Confusingly, though, it is the guy to Robinson’s right, looking a little like Bob Weir, whose rococo lead lines bring Garcia to mind. This is Neal Casal, formerly a solo practitioner of artisanal Americana, now a spectacular guitarist who can sometimes be found in the company of Phil Lesh and Cass McCombs as well as the Brotherhood. It is Casal who sends burnished country-soul ballads like “Reflections On A Broken Mirror” and “Star Or Stone” into the ionosphere. Even at their most ornate, Casal’s extrapolations never seem self-indulgent. Rather, like a member of the very best improvising collectives, he seems merely one of a group of players who can fall in and out of each other’s orbits with an intuitive grace.
That skill is in no small part bolstered by the CRB’s rhythm section of Mark Dutton on bass and newish drummer Tony Leone, whose limber momentum means they could efficiently sub for either The Band’s Danko/Helm axis or The Meters’ George Porter Jr and Zigaboo Modeliste. Black Crowe alumnus Adam MacDougall, meanwhile, is a more divisive figure. While he appears capable of turning his hand to anything on the keyboards, the gloopy Moog settings that he favours force one impassioned audience member to compare them to the Grange Hill theme. MacDougall is at his best when he swivels round to attack a clavinet, driving “After Midnight” – frantic where JJ Cale’s original moseyed – into an exuberantly funky Stevie Wonder zone.
It’s easy, as you can probably tell, to reduce a Brotherhood show to an ecstatic grid of reference points: how it begins with a version of Mac Davis and Delaney Bramlett’s “Hello LA, Bye Bye Birmingham” that could pass for a resurrected Burrito Brothers; how my notebook, where legible, also contains allusions to Clarence White-era Byrds, Funkadelic, Ned Lagin and The Allman Brothers, a virtual index of Uncut touchstones. Nevertheless, some of the gig’s highlights draw attention to another continuum between the past and the present – between The Black Crowes and the Chris Robinson Brotherhood.
“I Aint’t Hiding”, for instance, is one of a clutch of songs in the CRB repertoire that date from the dog days of the Crowes, specifically from their final album, 2009’s Before the Frost…Until the Freeze, recorded live at Levon Helm’s Woodstock Barn. Perhaps there’s a little more innate menace to “I Ain’t Hiding” than might be detected in more recent Robinson songs, but the swing, the effortlessly-deployed classicism, reveals a throughline between his superstar years and this humbler, unencumbered new age.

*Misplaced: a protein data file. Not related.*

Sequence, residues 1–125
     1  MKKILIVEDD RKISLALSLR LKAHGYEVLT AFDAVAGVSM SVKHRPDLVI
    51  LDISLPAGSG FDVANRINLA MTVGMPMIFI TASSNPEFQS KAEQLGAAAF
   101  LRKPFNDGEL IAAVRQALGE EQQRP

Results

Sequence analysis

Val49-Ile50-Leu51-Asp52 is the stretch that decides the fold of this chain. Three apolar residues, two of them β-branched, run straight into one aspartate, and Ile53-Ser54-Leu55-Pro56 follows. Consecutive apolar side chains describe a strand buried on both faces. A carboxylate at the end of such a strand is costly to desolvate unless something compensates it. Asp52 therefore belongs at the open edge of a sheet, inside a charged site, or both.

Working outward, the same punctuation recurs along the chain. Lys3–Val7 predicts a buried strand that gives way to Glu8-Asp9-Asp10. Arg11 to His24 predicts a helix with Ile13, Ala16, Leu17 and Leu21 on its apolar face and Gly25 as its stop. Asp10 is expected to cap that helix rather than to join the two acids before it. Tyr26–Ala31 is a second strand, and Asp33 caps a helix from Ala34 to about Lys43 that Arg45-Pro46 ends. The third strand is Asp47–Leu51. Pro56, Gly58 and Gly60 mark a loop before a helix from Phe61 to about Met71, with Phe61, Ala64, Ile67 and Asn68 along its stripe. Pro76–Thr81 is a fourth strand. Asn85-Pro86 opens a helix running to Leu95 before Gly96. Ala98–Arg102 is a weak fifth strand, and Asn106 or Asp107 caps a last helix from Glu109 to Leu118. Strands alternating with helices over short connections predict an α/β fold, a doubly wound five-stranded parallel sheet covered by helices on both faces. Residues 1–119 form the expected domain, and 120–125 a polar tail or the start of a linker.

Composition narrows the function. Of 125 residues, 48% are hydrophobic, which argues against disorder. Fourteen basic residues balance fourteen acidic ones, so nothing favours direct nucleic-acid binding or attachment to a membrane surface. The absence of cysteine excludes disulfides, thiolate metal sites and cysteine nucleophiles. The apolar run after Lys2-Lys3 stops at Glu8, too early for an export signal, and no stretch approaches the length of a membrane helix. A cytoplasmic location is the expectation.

Likewise “Rosalee”, the first set’s rapturous closer. “Rosalee” comes from the CRB’s first and best album, 2012’s Big Moon Ritual, evolving from choppy funk, through rich a capella harmonies, into passages of deep space skronk and back again. At its core, though, is a song bold enough, with a few subtle adjustments, to pass as an anthem from the Black Crowes’ commercial heyday. Robinson’s unreconstructed lyrics could possibly benefit from a 2016 refresh, in a way that his music would not, but the refrain still acts as a sort of mission statement, from a band instinctually too amorphous to admit anything so formal.
“Is the air getting thinner,” emotes Robinson, joyfully, “or are we getting high?” The freak flag’s been planted in foreign soil and, finally, the supply lines are open once again.
- Hello LA, Bye Bye Birmingham
- Tomorrow Blues
- Roan County Banjo
- Reflections on a Broken Mirror
- She Belongs To Me
- Meanwhile In The Gods…
- Tulsa Yesterday
- Taking Care of Business
- Ain’t It Hard But Fair
- Shore Power
- Star Or Stone
- The Music’s Hot
- Vibration & Light Suite
- I Ain’t Hiding
- Got Love If You Want It
- After Midnight